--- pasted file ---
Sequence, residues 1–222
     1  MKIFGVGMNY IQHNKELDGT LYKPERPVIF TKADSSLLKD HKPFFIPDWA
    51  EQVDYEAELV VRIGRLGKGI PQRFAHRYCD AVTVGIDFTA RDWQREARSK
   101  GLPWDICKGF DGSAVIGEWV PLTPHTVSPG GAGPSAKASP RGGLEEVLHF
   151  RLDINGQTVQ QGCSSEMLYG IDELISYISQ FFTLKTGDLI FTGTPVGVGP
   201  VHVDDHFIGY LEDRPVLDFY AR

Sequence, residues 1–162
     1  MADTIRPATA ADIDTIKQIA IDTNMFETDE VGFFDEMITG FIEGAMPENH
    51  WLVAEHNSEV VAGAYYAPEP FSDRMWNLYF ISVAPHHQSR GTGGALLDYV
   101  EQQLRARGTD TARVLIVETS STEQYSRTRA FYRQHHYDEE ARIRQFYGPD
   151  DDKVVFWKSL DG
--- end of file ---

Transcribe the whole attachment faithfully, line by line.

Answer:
Sequence, residues 1–222
     1  MKIFGVGMNY IQHNKELDGT LYKPERPVIF TKADSSLLKD HKPFFIPDWA
    51  EQVDYEAELV VRIGRLGKGI PQRFAHRYCD AVTVGIDFTA RDWQREARSK
   101  GLPWDICKGF DGSAVIGEWV PLTPHTVSPG GAGPSAKASP RGGLEEVLHF
   151  RLDINGQTVQ QGCSSEMLYG IDELISYISQ FFTLKTGDLI FTGTPVGVGP
   201  VHVDDHFIGY LEDRPVLDFY AR

Sequence, residues 1–162
     1  MADTIRPATA ADIDTIKQIA IDTNMFETDE VGFFDEMITG FIEGAMPENH
    51  WLVAEHNSEV VAGAYYAPEP FSDRMWNLYF ISVAPHHQSR GTGGALLDYV
   101  EQQLRARGTD TARVLIVETS STEQYSRTRA FYRQHHYDEE ARIRQFYGPD
   151  DDKVVFWKSL DG